"The discovery of FGF1 was unexpected ---- and intriguing ---- because it was believed to do nothing," says Jae Myoung Suh, a postdoctoral researcher in Evans' laboratory and co-first author on the paper. "If you deplete FGF1 from the body, nothing happens when the mice are fed a steady low fat diet. But when given a high-fat, "Western-style" diet the mice develop an aggressive form of diabetes and experience a system-wide breakdown of their metabolic health."
"These abnormalities cause abdominal or stomach fat to become inflamed," says Michael Downes, a senior staff scientist in Salk's Gene Expression Laboratory and co-lead author on the paper. "This is important because inflamed visceral fat has been linked to heightened risk for diabetes and other obesity-related diseases, such as heart disease and stroke."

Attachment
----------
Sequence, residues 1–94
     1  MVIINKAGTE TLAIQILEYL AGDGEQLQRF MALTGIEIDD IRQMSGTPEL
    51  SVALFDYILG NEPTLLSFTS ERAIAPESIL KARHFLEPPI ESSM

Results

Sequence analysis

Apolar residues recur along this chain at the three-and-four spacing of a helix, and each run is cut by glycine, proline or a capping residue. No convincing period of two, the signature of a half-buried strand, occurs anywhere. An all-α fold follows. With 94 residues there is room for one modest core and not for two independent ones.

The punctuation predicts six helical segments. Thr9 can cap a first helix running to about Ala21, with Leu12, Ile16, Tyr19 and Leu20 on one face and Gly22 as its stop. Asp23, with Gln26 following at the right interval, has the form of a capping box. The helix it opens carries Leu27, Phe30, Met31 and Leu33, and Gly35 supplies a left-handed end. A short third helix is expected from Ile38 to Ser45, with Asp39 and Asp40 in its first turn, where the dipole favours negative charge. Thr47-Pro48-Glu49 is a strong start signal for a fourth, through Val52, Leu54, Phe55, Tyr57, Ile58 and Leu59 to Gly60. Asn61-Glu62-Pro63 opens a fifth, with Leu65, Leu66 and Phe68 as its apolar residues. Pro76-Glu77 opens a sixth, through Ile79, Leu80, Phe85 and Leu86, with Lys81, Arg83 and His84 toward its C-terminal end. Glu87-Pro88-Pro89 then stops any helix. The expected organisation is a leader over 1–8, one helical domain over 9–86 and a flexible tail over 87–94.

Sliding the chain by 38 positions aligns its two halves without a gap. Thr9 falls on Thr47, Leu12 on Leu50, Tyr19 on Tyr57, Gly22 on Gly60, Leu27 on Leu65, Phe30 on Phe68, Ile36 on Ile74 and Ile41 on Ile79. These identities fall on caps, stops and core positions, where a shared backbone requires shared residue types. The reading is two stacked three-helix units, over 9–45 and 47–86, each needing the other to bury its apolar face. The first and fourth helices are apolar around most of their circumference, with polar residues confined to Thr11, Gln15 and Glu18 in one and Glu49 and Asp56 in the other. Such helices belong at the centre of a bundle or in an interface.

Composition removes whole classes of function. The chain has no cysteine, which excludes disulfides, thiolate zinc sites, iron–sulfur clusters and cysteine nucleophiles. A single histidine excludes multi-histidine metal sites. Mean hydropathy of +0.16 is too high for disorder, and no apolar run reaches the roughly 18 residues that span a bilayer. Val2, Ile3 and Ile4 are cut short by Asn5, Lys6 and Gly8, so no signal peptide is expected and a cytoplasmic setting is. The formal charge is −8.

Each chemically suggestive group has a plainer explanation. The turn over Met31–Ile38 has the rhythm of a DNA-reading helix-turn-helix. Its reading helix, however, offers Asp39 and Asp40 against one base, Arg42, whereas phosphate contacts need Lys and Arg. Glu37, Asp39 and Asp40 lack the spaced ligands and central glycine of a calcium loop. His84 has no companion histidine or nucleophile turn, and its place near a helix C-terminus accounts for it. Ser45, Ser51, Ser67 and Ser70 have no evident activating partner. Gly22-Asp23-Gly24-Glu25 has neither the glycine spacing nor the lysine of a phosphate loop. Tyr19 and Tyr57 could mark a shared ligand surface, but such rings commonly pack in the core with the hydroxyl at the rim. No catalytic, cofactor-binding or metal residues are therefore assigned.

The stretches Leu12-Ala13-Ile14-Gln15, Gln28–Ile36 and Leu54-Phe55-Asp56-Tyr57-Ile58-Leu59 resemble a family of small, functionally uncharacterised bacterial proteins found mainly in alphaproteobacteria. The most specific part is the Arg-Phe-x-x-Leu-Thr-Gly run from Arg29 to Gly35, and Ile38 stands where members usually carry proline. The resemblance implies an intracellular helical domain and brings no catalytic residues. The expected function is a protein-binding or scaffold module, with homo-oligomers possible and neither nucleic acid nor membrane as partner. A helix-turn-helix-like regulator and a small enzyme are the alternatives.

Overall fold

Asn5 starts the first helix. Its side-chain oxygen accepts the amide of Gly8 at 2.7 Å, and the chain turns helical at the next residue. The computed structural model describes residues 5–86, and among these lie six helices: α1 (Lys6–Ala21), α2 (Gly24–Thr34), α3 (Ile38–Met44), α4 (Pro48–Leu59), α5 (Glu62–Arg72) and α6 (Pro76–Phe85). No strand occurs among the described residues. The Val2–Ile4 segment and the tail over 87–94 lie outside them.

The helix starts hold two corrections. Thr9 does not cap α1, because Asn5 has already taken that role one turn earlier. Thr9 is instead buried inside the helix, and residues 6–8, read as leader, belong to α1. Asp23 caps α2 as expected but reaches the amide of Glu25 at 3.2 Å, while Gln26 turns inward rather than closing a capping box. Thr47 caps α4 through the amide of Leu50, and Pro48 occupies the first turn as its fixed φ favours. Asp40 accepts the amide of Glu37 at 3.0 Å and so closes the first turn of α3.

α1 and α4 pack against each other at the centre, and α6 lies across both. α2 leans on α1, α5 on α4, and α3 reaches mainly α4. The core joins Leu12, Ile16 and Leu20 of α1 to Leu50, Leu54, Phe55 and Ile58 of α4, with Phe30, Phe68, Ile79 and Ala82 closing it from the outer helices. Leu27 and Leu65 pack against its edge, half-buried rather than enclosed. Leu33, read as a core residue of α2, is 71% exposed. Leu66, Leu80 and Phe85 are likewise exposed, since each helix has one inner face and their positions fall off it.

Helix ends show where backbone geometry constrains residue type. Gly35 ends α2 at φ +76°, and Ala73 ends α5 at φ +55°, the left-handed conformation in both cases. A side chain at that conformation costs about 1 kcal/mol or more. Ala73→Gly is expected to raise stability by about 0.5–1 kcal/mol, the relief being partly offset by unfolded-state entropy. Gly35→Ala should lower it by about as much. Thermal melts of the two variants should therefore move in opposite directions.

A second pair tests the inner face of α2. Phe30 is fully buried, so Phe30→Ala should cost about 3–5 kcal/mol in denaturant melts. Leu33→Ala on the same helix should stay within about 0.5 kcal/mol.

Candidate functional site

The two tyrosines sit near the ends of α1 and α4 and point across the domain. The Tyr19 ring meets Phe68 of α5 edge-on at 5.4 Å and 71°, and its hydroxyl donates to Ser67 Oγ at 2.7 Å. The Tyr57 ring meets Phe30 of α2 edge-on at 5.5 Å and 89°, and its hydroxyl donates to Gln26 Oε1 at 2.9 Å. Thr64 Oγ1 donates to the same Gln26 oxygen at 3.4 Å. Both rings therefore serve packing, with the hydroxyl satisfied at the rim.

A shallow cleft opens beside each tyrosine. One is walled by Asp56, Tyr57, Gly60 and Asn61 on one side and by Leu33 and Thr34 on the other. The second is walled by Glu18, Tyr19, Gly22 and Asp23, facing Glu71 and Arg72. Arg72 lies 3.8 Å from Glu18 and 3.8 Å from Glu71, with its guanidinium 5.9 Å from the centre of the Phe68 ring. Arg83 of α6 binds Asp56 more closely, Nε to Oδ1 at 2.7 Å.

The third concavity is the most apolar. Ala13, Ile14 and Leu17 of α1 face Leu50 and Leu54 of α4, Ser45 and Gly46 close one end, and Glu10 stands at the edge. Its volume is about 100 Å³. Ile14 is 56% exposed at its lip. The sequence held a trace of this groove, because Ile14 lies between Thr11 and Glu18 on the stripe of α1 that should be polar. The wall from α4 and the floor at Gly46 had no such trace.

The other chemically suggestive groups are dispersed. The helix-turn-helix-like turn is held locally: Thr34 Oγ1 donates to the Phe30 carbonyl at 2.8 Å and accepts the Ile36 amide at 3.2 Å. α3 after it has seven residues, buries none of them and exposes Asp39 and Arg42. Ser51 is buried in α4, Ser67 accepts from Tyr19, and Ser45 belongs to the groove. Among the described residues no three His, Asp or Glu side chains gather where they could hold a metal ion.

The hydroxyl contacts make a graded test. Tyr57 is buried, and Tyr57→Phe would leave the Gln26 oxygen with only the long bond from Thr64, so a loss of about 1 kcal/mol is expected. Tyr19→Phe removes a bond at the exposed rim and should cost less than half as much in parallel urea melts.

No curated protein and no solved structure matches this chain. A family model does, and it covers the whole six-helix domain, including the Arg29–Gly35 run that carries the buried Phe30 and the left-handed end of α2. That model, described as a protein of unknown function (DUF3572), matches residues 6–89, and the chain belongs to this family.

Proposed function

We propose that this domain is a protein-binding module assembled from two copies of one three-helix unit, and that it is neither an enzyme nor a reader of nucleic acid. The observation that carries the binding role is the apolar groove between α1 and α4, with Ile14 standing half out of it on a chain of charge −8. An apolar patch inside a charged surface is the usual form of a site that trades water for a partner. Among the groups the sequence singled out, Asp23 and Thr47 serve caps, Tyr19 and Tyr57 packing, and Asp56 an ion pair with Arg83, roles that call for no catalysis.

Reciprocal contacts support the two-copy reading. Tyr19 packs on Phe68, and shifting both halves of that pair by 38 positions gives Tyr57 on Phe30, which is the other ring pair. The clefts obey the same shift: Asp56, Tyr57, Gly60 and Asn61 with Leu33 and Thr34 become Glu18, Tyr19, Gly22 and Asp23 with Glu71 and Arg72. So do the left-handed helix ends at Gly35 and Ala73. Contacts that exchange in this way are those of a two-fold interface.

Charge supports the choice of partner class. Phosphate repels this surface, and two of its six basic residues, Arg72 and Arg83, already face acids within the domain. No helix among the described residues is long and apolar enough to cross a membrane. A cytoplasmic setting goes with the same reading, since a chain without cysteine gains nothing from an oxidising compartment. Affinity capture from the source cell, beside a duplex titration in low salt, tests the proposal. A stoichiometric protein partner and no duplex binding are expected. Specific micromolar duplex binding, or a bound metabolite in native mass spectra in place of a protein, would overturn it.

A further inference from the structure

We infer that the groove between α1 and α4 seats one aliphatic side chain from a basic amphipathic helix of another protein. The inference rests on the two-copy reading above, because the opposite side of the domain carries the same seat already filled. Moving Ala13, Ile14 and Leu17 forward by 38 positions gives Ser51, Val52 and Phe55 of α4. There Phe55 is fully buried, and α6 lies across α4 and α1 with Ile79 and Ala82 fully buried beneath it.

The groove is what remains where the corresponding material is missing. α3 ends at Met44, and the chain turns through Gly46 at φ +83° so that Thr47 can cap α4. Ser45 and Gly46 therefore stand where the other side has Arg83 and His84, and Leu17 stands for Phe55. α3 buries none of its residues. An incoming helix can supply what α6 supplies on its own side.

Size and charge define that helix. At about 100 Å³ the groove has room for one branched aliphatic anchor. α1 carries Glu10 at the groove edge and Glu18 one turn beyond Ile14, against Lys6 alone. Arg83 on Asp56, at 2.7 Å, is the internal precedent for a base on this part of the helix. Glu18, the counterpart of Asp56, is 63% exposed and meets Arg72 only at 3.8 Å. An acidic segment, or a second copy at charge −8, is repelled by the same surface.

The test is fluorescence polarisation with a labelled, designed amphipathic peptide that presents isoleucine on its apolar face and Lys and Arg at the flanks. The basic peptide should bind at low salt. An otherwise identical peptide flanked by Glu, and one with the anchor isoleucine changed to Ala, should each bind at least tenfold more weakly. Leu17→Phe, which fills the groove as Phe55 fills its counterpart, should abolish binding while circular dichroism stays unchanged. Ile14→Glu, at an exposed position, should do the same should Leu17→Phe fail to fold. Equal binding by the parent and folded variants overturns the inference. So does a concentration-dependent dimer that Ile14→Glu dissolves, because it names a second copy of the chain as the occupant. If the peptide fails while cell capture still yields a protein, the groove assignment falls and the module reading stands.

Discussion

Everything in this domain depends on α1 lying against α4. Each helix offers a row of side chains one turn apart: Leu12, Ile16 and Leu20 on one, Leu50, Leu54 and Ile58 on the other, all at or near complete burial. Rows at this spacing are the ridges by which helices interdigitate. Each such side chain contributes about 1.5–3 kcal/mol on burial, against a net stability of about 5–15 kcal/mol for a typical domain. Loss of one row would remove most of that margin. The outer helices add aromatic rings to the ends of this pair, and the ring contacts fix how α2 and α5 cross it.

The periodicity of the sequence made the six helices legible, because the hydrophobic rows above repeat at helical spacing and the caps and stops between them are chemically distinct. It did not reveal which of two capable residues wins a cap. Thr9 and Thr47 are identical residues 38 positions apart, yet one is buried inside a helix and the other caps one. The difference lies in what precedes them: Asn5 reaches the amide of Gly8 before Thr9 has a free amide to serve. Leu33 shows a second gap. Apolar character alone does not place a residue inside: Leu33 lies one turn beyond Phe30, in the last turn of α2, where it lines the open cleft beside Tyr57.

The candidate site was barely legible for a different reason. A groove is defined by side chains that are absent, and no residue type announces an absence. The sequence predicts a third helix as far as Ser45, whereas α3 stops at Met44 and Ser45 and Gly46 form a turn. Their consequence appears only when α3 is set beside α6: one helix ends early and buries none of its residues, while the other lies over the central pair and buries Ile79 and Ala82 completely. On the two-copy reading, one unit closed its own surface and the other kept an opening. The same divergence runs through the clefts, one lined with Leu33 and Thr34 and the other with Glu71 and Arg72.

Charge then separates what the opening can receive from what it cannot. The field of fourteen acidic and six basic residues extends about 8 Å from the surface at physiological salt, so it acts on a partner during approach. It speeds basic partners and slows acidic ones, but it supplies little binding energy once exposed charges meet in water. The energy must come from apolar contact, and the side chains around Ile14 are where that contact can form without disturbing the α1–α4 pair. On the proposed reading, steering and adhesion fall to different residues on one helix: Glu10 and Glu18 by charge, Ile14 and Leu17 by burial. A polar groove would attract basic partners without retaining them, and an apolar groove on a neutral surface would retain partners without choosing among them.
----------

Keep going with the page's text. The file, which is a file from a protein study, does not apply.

The scientists also found that FGF1 is regulated by the antidiabetic drug Actos, which is used to increase the body's sensitivity to insulin. But Actos and related drugs, though helpful, have side effects that limit their use.
Thus, Evans and his colleagues plan to explore whether FGF1 might point to a new way to control diabetes by avoiding the drawbacks of Actos and providing a more natural means of increasing insulin sensitivity.
|Contact: Andy Hoang|